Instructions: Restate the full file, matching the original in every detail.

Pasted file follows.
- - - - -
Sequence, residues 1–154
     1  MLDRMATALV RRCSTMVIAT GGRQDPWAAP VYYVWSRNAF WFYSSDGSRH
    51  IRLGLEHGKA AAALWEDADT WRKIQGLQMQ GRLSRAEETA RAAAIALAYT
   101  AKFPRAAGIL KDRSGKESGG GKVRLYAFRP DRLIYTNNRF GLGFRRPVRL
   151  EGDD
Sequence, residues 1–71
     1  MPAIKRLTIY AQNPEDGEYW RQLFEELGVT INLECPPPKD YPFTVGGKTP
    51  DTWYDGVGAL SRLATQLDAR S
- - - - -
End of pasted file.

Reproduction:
Sequence, residues 1–154
     1  MLDRMATALV RRCSTMVIAT GGRQDPWAAP VYYVWSRNAF WFYSSDGSRH
    51  IRLGLEHGKA AAALWEDADT WRKIQGLQMQ GRLSRAEETA RAAAIALAYT
   101  AKFPRAAGIL KDRSGKESGG GKVRLYAFRP DRLIYTNNRF GLGFRRPVRL
   151  EGDD
Sequence, residues 1–71
     1  MPAIKRLTIY AQNPEDGEYW RQLFEELGVT INLECPPPKD YPFTVGGKTP
    51  DTWYDGVGAL SRLATQLDAR S